Facebook Goes Public: Surprising Facts Learned From IPO Paperwork
We always knew Facebook was big, but until the social network filed papers to become a publicly traded company, we didn't know exactly how big. Facebook is very close to hitting the one-billion-users mark, and as predicted, that will probably happen in 2012. The company also turned a tidy profit to the tune of $1 billion in 2011. More than half of Facebook's monthly active users visit the social network from mobile devices, and about 80 percent of Facebook's fans are outside the U.S. and Canada.
The company hopes to raise about $5 billion during its initial public offering, which has yet to be scheduled. Facebook founder Mark Zuckerberg will serve as the company's chairman and chief executive and will be the company's largest and controlling stockholder.
Here's a look at a few more tidbits included in the company's recent S-1 filing with the Securities and Exchange Commission:
Lots and lots of users
Facebook said it had 845 million active users as of Dec. 31, with slightly more than half of those people, 425 million, using mobile devices such as smartphones and tablets to visit Facebook. An average day on Facebook sees about 483 million people logging into the world's largest social network, an increase of 48 percent over the previous year.
It's all about likes, comments and photos
Thanks to the presence of the Facebook "like" button on almost every website known to humanity, the social network adds another 2.7 billion likes and comments every single day. Users also upload 250 million photos to Facebook every 24 hours, and the social network has helped its users create 100 billion online friendships.
That's a lot of corn
Facebook has been busy making money in recent years, as well as growing fast. In 2009, the company said it brought in $777 million in revenue. That figure grew to $1.974 billion in 2010, and then almost doubled in 2011 when the company had $3.71 billion in revenue and $1 billion in profit.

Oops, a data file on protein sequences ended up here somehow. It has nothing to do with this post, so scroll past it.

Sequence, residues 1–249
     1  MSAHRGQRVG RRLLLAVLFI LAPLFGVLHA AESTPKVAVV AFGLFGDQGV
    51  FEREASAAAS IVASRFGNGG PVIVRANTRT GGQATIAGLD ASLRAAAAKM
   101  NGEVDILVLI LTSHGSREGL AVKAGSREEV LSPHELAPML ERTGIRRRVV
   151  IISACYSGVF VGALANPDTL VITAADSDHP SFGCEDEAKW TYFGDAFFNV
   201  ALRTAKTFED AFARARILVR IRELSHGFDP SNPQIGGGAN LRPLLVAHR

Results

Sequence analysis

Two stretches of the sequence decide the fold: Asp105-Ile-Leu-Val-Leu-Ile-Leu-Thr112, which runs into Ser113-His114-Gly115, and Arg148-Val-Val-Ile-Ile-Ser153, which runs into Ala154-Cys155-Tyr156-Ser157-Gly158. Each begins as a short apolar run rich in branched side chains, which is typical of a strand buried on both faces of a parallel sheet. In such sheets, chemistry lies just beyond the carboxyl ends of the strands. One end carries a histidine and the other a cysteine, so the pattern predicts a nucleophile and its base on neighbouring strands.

The S-1 filing also shows that digital cows, crops, and mafia hit jobs are a big source of revenue for the company; social game maker Zynga was responsible for about 12 percent of Facebook's revenue in 2011.
Zuckerberg went to China but Facebook didn't
Facebook isn't sure it can move into China and is concerned about any restrictions the Chinese government might put on the company. This is a lesson Facebook likely learned from Google's problems with Chinese authorities in early 2010 that resulted in the search giant shutting down its ".cn" Chinese-language search engine. "We continue to evaluate entering China. However, this market has substantial legal and regulatory complexities that have prevented our entry into China to date," Facebook said in its SEC filing.
Later in the document the company added, "We do not know if we will be able to find an approach to managing content and information that will be acceptable to us and to the Chinese government."
Zuckerberg is king
Not only will Zuckerberg serve as chairman and CEO, he will also be granted the power to name his successor if he still controls the company when he dies. "In the event that Mr. Zuckerberg controls our company at the time of his death," Facebook's S-1 filing says. "Control may be transferred to a person or entity that he designates as his successor." This clause has struck some analysts as unusual, according to several reports including The New York Post and Bloomberg Businessweek, but the clause also makes it clear that Zuckerberg is Facebook's ruling power.